PARNAS leader attacked during march in Nemtsov’s memorySociety & Culture February 26, 16:59
Donetsk water purification station recaptured from Ukrainian radicalsWorld February 26, 15:24
Russian skiers Ustyugov, Kryukov win team sprint at World ChampionshipsSport February 26, 15:23
Opposition activist Dadin sentenced for disorders at rallies leaves jailRussian Politics & Diplomacy February 26, 12:58
Aerospace Force chief says Russian army to get new combat jets and helicoptersMilitary & Defense February 26, 11:15
Mistura says Homs terror attacks attempt to derail Geneva talksWorld February 26, 5:49
Where to watch unique solar eclipse and spectacular ‘ring of fire’Science & Space February 26, 3:24
HNC expects Trump to correct Obama's mistakes in Syria - delegation headWorld February 26, 3:08
War on terror to dominate Geneva talks — Syrian UN envoyWorld February 25, 23:48
“If there is another sanctions wave connected with restrictions for export of hydrocarbons, there could be recession. But I think that if the actual state of things is preserved, there will be no recession but the growth rates will turn out lower than the official forecast, lower than 1%,” Klepach told journalists.
He said the government will have to take measures next year to soften or partially limit the negative effect of sanctions and realize the potential of the Russian economy’s growth.
Speaking about forecasts of economic growth in 2014, Klepach said the figure could be lower than the official forecast (0.5% growth) and could total 0.3% or less. The negative effect will come from a more substantial reduction of investment in fixed capital than expected.“Investment started shrinking before the sanctions. The Economic Development Ministry expected the negative tendency to change by the yearend. But now both due to the sanctions and cautious business policy, there is no investment growth,” he said.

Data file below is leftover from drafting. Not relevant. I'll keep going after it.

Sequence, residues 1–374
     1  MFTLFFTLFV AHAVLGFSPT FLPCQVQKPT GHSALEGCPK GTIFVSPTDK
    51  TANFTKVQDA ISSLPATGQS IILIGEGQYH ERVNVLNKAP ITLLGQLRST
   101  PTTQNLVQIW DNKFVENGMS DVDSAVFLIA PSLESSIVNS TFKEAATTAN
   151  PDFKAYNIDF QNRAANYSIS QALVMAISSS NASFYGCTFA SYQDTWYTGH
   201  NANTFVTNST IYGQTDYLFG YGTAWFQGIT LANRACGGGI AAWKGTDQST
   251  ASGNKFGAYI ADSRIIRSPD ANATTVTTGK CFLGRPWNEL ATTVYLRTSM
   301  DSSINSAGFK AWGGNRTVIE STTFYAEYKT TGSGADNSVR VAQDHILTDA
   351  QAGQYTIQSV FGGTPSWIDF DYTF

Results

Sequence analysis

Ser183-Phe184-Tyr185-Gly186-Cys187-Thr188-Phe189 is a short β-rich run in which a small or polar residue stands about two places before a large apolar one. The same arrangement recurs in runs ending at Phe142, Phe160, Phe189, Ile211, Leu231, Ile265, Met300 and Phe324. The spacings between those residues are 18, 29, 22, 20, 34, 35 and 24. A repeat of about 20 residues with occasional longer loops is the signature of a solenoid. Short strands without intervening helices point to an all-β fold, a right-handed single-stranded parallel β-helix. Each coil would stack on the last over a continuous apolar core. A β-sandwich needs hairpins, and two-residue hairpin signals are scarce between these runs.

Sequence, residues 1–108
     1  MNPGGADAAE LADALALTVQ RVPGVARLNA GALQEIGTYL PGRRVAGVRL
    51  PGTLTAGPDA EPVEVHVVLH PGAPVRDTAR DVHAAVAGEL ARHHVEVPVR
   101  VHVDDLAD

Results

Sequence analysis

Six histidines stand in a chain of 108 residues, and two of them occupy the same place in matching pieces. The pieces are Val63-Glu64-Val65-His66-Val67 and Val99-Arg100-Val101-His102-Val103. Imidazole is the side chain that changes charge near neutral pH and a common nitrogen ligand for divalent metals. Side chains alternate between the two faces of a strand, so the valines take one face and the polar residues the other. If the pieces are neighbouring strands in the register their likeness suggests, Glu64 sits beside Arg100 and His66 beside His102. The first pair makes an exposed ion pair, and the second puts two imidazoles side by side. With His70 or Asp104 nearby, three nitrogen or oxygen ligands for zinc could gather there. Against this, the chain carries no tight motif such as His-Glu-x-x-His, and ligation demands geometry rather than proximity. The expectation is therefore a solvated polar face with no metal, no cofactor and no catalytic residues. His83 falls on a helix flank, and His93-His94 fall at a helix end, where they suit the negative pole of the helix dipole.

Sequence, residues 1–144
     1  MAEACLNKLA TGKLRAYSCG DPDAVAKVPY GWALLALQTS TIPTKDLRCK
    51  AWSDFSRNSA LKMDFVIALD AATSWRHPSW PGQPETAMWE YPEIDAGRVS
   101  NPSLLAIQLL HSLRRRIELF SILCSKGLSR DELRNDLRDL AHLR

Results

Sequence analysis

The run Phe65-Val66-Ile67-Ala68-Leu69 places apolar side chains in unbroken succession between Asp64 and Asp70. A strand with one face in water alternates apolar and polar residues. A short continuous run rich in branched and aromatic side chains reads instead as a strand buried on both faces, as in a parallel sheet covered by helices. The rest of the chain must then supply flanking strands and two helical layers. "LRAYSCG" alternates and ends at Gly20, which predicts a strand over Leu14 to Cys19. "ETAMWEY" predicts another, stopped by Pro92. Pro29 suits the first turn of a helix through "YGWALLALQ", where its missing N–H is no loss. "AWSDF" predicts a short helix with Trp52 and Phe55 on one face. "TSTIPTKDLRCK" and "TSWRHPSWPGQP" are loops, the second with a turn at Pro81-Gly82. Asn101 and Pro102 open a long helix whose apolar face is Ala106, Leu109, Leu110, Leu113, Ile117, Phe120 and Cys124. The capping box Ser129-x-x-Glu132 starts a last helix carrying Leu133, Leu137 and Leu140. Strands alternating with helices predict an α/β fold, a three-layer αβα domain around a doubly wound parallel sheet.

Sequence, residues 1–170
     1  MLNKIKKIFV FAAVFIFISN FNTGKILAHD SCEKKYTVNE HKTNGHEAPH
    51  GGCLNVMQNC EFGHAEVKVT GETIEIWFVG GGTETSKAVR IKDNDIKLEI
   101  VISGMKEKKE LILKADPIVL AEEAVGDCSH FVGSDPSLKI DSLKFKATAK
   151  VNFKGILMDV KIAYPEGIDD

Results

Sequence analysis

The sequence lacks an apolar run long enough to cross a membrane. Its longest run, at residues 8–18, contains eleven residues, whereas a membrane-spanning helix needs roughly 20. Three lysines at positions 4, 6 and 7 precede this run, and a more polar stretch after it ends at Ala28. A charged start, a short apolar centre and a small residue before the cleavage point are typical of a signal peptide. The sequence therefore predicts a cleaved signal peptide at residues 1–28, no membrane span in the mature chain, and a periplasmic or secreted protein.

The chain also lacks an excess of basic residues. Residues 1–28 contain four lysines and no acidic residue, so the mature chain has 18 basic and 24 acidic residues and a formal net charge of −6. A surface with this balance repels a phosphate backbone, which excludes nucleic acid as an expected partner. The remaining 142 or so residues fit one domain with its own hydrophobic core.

“I think the investment decline in 2014 will be higher than the official forecast [2.4%] and total some 3% So economic growth, I think, will be 0.3% or lower,” Klepach said.
He said the government’s task in the current conditions, including by using mechanisms of National Welfare Fund money investment and by implementing import substitution measures is “not to lose next year”.
Russia came under Western sanctions, originally visa bans and asset freezes, for reunification with Crimea in mid-March after a coup in Ukraine in February. Later, Western claims that Russia is taking part in hostilities in southeast Ukraine, which Moscow has repeatedly denied, resulted in more serious, sectoral, restrictions.
In response, Moscow imposed on August 6 a one-year ban on imports of beef, pork, poultry, fish, cheeses, fruit, vegetables and dairy products from Australia, Canada, the EU, the United States and Norway.
The list of banned products includes cattle meat, pork, poultry meat and all poultry edible by-products, salted meat, pickled meat, dried meat, smoked meat, fish, clams and other water invertebrates, milk and dairy products, vegetables, edible roots and tuber crops.
It also contains fruits and nuts, sausage and analogous meat products, meat by-products or blood, as well as products made of them, ready-to-eat products including cheeses and cottage-cheese based on vegetable fats.
The European Union and the United States imposed the latest batch of sectoral sanctions against Russia on September 12 despite a deal on a ceasefire, signed in Minsk a week before, between Kiev and the self-proclaimed Donetsk and Lugansk People’s republics (DPR and LPR) in the embattled southeast of Ukraine.
According to UN data, clashes between troops loyal to Kiev and local militias in the Donetsk and Lugansk regions during Kiev’s military operation to regain control over the breakaway territories have resulted in about 3,500 deaths.